The air is thick with smoke that to this correspondent is unbearable to breathe in, but at an open-air Internet cafe in Central Kalimantan provincial capital Palangkaraya, eight out of every 10 of the young people who are about 20 to 30 years old are without a mask.
Sitting on wooden benches, they are intent on surfing the Internet and checking e-mail at this outdoor facility with affordable Wi-Fi connection, oblivious to the hazardous air that they are breathing in.
This was the spot my colleague, photographer Seah Kwang Peng, and I sent our photos and stories from last Thursday when the Pollutant Standards Index (PSI) hit 1,800, way over the 350 mark, above which the air is considered hazardous.
The air was so heavy, it felt like liquid was seeping into my nose the moment I took off my mask. I put the mask back on quickly, so unbearable it was to breathe in the dense and acrid air. My eyes also watered the way they would not at, say, PSI 400, the reading in Sumatra when I was covering the haze there in 2013. I could also take the mask off for a minute or two then.
Yet, when the people at the Internet cafe were asked why they were not wearing a mask, a college student sitting on one of the benches who identified himself as Mr Hamdi said: "We are used to it."
Palangkaraya has been suffering from hazardous haze from the illegal burning of forests to clear land for cultivation for more than a month now, with the PSI breaching 2,000 in the fourth week of last month and hitting a record high of 2,300 for Indonesia on Sept 26.
The majority of its residents, however, have been stoic about the discomfort from the bad air and doing little to protect themselves from it, possibly because they underestimate its dangers.
"They don't know what the haze could do to their health. They may not suffer now, but later... as a long-term effect, they may do. The worst case is they could get lung cancer," Dr Theodorus Sapta Atmaja, head of human resources and public relations of the state-owned Doris Sylvanus hospital, told The Sunday Times.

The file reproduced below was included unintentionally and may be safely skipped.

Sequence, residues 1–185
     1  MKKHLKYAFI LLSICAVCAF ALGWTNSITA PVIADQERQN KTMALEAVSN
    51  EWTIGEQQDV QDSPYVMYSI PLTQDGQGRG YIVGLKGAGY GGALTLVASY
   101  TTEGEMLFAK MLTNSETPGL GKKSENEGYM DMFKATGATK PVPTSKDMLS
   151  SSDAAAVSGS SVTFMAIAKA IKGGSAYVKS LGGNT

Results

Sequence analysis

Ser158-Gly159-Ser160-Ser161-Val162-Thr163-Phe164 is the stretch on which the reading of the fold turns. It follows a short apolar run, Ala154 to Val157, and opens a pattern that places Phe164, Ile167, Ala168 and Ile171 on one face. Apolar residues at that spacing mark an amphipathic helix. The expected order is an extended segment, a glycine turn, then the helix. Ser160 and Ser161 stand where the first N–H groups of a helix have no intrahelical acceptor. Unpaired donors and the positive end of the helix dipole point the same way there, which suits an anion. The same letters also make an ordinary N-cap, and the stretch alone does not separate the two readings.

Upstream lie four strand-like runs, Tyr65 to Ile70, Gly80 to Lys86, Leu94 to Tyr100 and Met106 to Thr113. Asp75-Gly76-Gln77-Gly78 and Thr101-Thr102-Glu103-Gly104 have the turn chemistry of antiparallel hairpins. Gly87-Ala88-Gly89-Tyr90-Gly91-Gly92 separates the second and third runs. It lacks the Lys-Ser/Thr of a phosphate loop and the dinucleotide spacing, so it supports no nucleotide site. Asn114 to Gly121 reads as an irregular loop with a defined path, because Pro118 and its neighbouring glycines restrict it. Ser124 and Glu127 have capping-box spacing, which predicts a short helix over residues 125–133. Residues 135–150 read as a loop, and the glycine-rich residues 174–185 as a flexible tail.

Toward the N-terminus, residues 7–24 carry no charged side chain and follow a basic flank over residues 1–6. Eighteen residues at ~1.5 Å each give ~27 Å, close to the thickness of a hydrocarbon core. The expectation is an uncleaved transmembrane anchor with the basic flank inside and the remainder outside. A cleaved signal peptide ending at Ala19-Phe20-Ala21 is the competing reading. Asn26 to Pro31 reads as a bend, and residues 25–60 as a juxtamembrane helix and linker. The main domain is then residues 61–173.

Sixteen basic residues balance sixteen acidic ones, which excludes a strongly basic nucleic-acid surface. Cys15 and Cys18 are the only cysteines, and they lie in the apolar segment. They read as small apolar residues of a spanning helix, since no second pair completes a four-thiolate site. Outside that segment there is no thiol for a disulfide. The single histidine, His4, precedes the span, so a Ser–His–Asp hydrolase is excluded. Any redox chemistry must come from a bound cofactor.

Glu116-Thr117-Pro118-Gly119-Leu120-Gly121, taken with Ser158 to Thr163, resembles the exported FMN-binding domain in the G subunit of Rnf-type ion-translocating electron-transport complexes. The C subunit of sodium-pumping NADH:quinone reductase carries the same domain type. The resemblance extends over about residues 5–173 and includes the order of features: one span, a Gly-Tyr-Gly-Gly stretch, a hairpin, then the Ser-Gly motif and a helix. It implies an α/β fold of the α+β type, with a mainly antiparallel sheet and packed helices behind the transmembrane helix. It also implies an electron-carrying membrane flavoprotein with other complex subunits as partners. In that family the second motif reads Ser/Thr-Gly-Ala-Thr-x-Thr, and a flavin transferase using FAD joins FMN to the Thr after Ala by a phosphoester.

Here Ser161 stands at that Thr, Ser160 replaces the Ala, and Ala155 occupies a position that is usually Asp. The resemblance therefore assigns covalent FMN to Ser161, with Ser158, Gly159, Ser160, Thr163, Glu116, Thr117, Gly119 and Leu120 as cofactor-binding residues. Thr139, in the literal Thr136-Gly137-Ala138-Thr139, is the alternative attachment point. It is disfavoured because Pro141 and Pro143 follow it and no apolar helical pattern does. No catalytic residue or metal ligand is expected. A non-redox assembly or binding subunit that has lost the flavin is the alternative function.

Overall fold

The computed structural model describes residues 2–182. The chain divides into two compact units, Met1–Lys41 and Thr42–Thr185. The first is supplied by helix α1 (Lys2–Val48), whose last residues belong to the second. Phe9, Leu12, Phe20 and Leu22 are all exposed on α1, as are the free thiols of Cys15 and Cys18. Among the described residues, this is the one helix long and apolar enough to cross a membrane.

To increase awareness among the people of the need to wear a mask to protect themselves against the haze, local governments throughout Central Kalimantan province have stepped up campaigns.
A huge street billboard in Palangkaraya had bold letters that read: "Warning!!! Haze could cause upper respiration infection - wear a mask, drink 2 litres of water a day, eat fruits and vegetable, reduce outdoor activity and have enough sleep."
Ms Gayantri, 27, a divorcee who lives in a 35 sq m landed house with her mother and only daughter in the Antang Kalang area of the city, has tried her best to keep the haze out of her house.
"We bought a second fan, turned both of them on and closed all the windows tight," she said. "This would help us get a good night's sleep."
But during the day, even when they are outdoors and the PSI level is hovering around 2,000, Ms Gayantri and her family do not bother to wear masks.
Not everyone is throwing caution to the wind, however.
For university lecturer Ester Sonya, wearing a mask is her new day-to-day norm, not only outdoors, but also at home when she is in the kitchen or living room. This is because the haze has permeated her house, she said.
When this correspondent spoke with the 45-year-old last Thursday at the Doris Sylvanus hospital, she was seeing a lung specialist for a haze-related problem, after dosing herself with cough medicine did not help her condition.
But Ms Ester, who has an eight-year old son, had put a strategy to work three weeks ago when the haze got uncomfortable, to protect her whole family.
"We have designated one air-conditioned bedroom in the house for daily living, sealing it by taping the windows from the inside and the door. This bedroom has become our home now. We sleep and do most of our daily activities there," she said.
It was possibly a wise move, for the number of upper respiratory cases (or locally called Ispa) in Palangkaraya has been rising steeply in the past two months.
While most Ispa cases can be treated on an outpatient basis, those with pre-existing conditions like asthma and weak lungs need to be hospitalised, said Dr Theodorus.
The number of Ispa inpatients at Doris Sylvanus was 34 last month, up from 18 in August.
Children in the age groups of one to four and five to 14 have been the most vulnerable.
Schools in the city were closed for three weeks from Sept 10 to keep the children at home. However, parents had to go to the schools to pick up their children's homework, so that they could keep up with their schoolwork.
"We make parents go to school and students stay home.
"Every Friday, morning to noon, parents are invited to pick up homework instructions at school," said Ms Masmunik Tambang, 59, a teacher at the Langkai primary school in the city centre, who has been teaching for 35 years.
Last Friday, schools were allowed to resume but were told to close again from yesterday to Tuesday as thick haze came back.
"This is the longest forced holiday period I have ever experienced (because of the haze)," said Ms Masmunik.